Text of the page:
In a recent column we discussed the challenge that first-timer homebuyers face in accumulating funds to purchase and fix up a home. One of the suggested solutions was FHA’s 203(k) loan that provides the cash to purchase and rehabilitate a property all in one loan.

The 203(k) loan also contains a less complicated "streamline" version that can assist not only buyers but also existing homeowners who want to stay in their homes but lack the extra cash for minor repairs, new cabinets and appliances.

While the conventional 203(k) has been around for more than three decades, the streamline came on the scene five years ago. At that time, the U.S. Department of Housing and Urban Development had many homes in its inventory that needed a cosmetic overhaul before interested buyers would make an offer to buy them.

The agency discovered that when a borrower could no longer make loan payments, he or she often did not spend the time and money to maintain the home.

The streamline was introduced as an incentive for consumers to buy HUD foreclosures — it allows for simple repairs that can be easily estimated and completed. It offered homebuyers an additional $35,000 that they could add on to their mortgage to improve or upgrade their home.

HUD then made the streamline available to existing owners who wanted to refinance and improve their homes.

The streamline differs from the conventional 203(k) loan in some ways. The streamline may not be used for any structural repairs, has no minimum borrowing amount, and does not require a general contractor even though they are often used.

And, while the streamline does not require a professional consultant, the lender is responsible for ensuring that the repair cost is reasonable and customary for the area in which the property is located.

Here is a list of improvements that are ineligible for financing with a Streamlined 203(k) loan:

  • Major rehabilitation or major remodeling, such as the relocation of a load-bearing wall;
  • New construction (including room additions);
  • Repair of structural damage;
  • Repairs requiring detailed drawings or architectural exhibits;
  • Landscaping or similar "site amenity" improvements;
  • Any repair or improvement requiring a work schedule longer than three (3) months or rehabilitation activities that require more than two (2) payments per specialized contractor;
  • Improvements that require a plan reviewer;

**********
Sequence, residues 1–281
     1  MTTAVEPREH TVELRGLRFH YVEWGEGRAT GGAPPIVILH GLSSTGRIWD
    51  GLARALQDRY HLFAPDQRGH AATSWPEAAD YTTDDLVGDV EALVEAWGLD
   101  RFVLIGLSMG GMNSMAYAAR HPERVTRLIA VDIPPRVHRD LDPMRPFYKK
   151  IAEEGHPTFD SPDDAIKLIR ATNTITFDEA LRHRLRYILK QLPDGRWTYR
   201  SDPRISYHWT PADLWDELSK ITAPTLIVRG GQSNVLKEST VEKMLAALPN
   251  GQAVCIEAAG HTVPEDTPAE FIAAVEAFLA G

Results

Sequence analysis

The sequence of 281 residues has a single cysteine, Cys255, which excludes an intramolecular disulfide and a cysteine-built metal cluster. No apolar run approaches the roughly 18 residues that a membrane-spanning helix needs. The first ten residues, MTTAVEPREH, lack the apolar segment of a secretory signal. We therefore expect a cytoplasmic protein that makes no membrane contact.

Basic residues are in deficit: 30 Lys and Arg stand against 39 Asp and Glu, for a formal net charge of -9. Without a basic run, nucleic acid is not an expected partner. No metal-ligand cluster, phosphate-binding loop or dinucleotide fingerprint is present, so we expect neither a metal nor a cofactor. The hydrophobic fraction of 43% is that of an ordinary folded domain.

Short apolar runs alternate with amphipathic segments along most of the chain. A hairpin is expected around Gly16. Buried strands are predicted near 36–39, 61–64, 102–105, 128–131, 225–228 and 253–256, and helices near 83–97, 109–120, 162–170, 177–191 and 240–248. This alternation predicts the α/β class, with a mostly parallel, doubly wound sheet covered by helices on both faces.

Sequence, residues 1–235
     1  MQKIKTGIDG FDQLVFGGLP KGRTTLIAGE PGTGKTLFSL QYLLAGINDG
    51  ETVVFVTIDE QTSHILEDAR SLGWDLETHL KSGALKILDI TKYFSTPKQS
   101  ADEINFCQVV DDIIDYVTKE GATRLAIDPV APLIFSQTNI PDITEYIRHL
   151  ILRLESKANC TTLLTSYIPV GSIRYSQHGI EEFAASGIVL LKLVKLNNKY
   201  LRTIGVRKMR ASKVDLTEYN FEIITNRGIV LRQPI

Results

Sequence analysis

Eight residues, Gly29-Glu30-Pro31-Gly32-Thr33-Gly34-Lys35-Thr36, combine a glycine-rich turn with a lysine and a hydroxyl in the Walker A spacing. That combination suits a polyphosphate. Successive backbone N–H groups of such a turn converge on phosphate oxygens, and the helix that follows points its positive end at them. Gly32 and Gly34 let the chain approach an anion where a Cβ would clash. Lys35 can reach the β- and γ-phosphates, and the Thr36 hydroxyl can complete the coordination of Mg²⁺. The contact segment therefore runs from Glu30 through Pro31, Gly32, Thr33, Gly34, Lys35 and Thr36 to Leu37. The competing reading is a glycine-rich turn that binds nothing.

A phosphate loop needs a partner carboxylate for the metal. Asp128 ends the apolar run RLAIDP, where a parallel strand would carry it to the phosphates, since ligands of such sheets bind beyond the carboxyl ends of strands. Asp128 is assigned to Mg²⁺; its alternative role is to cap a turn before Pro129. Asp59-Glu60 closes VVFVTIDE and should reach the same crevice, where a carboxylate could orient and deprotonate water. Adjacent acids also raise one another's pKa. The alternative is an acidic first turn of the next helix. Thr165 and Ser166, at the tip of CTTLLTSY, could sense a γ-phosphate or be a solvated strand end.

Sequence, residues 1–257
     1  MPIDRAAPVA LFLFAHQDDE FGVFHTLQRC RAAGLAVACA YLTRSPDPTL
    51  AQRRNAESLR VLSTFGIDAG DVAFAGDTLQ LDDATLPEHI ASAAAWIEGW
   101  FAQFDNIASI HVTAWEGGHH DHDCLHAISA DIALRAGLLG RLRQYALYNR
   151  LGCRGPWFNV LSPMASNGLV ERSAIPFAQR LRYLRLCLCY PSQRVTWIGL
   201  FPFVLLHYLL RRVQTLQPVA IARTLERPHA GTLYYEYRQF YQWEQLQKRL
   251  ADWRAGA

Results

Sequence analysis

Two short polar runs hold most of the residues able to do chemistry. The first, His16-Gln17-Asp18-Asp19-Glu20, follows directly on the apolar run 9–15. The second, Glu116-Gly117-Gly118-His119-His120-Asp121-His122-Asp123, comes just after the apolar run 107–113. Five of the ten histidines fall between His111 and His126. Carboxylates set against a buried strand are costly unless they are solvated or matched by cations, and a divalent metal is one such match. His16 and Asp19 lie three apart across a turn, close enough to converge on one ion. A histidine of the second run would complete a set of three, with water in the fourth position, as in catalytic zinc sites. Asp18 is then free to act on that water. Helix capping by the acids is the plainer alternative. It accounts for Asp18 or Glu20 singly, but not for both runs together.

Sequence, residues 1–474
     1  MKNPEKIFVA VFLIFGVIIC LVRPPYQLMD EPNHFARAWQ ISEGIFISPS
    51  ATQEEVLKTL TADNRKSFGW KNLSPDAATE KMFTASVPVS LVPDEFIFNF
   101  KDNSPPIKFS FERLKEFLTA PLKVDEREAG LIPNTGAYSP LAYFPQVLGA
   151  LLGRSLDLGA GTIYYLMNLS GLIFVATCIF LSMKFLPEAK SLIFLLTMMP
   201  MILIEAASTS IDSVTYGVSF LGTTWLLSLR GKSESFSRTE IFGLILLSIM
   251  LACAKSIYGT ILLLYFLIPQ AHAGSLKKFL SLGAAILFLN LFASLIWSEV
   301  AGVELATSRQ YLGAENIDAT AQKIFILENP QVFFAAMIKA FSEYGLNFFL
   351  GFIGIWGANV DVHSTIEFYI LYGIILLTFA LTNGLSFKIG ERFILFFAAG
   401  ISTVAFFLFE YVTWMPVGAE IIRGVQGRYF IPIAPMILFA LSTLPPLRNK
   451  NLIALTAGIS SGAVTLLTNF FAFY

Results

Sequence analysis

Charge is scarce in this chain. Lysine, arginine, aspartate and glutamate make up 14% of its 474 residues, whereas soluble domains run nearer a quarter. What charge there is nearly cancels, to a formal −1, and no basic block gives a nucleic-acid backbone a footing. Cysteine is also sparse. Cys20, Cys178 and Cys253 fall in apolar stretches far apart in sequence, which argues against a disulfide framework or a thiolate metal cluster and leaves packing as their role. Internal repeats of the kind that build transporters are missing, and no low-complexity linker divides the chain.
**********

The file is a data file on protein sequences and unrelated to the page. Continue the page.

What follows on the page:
• Improvements that result in work not starting within 30 days after loan closing or cause the owner to be displaced from the property for more than 30 days during the time the rehabilitation work is being conducted. (FHA anticipates that, in a typical case, the borrower would be able to occupy the property after the loan closes.)

Cash-back refinances are not permitted, and existing owners must be able to show that they have occupied the home for the previous 12 months. There are some specialized guidelines and loan-to-value rules, but all standard FHA criteria apply regarding credit, income and asset documentation.

Unlike the conventional 203(k), which calls for a consultant to monitor the work and see that funds are dispersed as each step of the rehabilitation is finished, the streamline can be completed with just two cash draws — 50 percent for the supplier or contractor to get started and 50 percent upon completion. The total mortgage balance can exceed the purchase price of the property.

Both the conventional FHA 203(k) and Streamlined 203(k) programs were designed to roll all financing into one package. The borrower can take out one mortgage loan, at a long-term fixed or adjustable rate, to finance both the acquisition and the rehabilitation of the property.

The mortgage amount is based on the "as will be" (projected) value of the property and takes into account the cost of the work. The programs allow homeowners to include the cost of the inspection, an origination fee and the cost for a title insurance update.

If you have been postponing needed maintenance and repairs — or have been passing on buying a home that requires fixing up — take the time to research the FHA 203(k) products. They could be solutions to your housing needs and your budget concerns.

Tom Kelly’s book "Cashing In on a Second Home in Mexico: How to Buy, Rent and Profit from Property South of the Border" was written with Mitch Creekmore, senior vice president of Houston-based Stewart International. The book is available in retail stores, on and on


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